RECKLESS CONDUCT AT COATBRIDGE. – On Saturday morning, a young man, Samuel Begg, residing at Graham Street, Airdrie, was returning from work, and entered a train at Sunnyside Station, Coatbridge. Finding that it was an excursion train after it had passed Airdrie Station, he jumped from the carriage, and falling on the line, fractured his right leg and sustained scalp and other wounds. He was conveyed to Glasgow Royal Infirmary. 

– The Scotsman, Monday 15th June, 1903, p.6.



   A curious accident occurred this morning on the Glasgow and South-Western Railway at Enterkinfoot, six miles north of Thornhill. About four o’clock, thirty yards of parapet of the bridge at the foot of Enterkin pass, ninety feet high, fell with a crash, and carried away not only a large extent of the solid masonry, but part of the permanent way. Single line working is taking place between Carronbridge and Mennock, and traffic is considerably interrupted. 

– Edinburgh Evening News, Monday 15th June, 1903, p.3.




   Yesterday the body of a man shockingly mutilated was found on the North British Railway near Bothwell Station. Both arms were mangled to a jelly, and hanging by the skin. Drs Goff and Carruthers were at once in attendance, and ordered his removal to the Glasgow Royal Infirmary, whither he was conveyed in the Uddingston ambulance waggon, but no hope is given of his recovery, as both arms must be amputated at the shoulder, and his body is badly crushed.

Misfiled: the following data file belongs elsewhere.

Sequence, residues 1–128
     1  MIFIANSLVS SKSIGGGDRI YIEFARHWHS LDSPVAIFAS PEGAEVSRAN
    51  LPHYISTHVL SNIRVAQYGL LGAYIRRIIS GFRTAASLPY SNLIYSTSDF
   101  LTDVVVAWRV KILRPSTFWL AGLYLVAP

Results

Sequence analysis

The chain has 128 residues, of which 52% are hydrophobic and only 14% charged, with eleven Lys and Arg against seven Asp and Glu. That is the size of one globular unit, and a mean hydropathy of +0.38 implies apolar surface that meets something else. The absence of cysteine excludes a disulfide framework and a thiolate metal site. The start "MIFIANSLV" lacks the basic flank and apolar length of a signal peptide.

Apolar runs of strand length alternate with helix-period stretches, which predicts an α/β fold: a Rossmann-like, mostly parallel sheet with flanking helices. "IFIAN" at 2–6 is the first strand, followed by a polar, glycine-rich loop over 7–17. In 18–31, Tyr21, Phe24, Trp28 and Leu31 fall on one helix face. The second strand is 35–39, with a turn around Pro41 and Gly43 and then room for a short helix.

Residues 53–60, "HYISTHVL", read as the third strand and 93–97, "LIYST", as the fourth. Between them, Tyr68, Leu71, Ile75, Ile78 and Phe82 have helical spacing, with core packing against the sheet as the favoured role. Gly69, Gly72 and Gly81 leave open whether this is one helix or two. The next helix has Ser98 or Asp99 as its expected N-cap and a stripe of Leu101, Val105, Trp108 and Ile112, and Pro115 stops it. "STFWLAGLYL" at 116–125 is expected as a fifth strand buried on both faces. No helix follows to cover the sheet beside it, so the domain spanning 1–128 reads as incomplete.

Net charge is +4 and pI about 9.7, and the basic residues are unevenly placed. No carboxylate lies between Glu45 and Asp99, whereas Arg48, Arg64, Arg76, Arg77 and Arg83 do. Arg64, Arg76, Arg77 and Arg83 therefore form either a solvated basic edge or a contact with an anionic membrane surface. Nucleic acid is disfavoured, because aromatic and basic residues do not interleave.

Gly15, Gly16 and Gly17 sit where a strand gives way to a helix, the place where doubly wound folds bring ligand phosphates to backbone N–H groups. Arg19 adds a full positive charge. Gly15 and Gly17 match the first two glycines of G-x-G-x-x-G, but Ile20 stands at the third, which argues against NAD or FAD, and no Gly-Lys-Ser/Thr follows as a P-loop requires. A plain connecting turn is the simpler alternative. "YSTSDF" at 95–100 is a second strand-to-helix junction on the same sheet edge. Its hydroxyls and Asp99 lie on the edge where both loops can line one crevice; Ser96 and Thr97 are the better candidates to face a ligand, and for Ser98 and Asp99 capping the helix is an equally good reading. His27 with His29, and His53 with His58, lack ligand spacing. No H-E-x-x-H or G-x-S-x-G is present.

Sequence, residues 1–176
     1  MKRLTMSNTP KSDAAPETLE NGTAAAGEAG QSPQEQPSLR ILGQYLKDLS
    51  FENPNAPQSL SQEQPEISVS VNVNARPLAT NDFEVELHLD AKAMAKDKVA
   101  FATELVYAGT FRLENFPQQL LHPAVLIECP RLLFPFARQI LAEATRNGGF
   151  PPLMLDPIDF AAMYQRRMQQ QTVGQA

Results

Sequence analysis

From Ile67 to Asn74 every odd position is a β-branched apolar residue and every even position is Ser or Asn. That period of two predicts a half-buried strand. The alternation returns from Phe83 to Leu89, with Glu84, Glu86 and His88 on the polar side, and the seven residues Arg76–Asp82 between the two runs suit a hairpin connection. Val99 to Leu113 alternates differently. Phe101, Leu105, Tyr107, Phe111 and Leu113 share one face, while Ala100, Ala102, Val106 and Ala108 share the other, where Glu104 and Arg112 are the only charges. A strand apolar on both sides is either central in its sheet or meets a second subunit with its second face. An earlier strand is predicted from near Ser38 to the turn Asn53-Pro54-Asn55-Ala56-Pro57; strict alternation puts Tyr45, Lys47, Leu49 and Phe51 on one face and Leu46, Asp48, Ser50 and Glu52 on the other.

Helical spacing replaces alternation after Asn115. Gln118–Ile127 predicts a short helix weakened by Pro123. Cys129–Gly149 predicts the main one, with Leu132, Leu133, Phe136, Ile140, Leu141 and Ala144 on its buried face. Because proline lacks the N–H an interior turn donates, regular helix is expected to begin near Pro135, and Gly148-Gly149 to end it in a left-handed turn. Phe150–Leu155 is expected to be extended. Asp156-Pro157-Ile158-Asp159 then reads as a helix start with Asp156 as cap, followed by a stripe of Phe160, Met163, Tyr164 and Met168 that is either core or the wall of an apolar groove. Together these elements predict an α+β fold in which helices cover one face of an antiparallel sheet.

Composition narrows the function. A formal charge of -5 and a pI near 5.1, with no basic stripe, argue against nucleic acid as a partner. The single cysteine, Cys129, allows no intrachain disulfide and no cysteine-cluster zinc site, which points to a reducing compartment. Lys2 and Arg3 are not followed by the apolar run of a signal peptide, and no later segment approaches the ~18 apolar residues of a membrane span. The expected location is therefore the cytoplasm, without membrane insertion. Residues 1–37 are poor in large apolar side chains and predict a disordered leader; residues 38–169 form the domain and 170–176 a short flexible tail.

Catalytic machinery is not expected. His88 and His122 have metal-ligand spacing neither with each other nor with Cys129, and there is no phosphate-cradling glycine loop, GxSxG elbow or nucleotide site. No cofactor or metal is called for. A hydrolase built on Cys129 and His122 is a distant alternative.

Being quite conscious, he gave the name of James Finstow, miner, aged 35 years, and residing at 50 Beckford Street, Hamilton. It is alleged that he stated that, being weary of life, he threw himself in front of the train that passes that point at 11.10 for Hamilton. 

– Dundee Courier, Wednesday 17th June, 1903, p.4.


   ACCIDENT ON NEW RAILWAY. – On Friday afternoon last, an engine-driver in the employment of Messrs. Boyd & Forres, contractors for the new railway between Johnstone and Dalry, met with a serious accident. It appears that while jumping off his engine he tripped and fell, one of his legs being badly lacerated. Dr. Westwood Fyfe, who was in attendance, ordered his removal to the Cottage Hospital. 

– Paisley & Renfrewshire Gazette, Saturday 20th June, 1903, p.6.



   A shocking accident occurred this morning at Cessnock Subway Station, Glasgow. It appears that as a train was drawing up at the platform on the inner circle, a young man named Alexander Hay, residing at 14 Walmer Crescent, who intended travelling to the City, overbalanced and fell on the rails. the cars went over him, inflicting terrible injuries. He was at once extricated and medically attended, being removed afterwards to the Western Infirmary. His condition is practically hopeless. 

– Edinburgh Evening News, Saturday 20th June, 1903, p.3.